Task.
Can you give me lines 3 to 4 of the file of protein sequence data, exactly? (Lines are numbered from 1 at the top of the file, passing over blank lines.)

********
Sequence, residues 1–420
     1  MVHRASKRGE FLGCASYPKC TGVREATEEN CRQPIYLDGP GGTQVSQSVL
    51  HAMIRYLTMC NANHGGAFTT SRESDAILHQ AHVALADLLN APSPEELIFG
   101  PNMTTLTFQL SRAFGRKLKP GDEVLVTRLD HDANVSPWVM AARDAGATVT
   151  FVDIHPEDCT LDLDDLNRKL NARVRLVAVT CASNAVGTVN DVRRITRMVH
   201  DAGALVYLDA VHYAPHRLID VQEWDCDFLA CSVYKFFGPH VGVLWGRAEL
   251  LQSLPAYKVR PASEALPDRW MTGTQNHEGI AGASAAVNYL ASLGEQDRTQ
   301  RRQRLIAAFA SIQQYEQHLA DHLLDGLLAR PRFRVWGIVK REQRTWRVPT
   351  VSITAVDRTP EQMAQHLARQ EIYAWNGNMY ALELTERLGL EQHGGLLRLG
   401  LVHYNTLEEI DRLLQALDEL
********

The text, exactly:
    51  HAMIRYLTMC NANHGGAFTT SRESDAILHQ AHVALADLLN APSPEELIFG
   101  PNMTTLTFQL SRAFGRKLKP GDEVLVTRLD HDANVSPWVM AARDAGATVT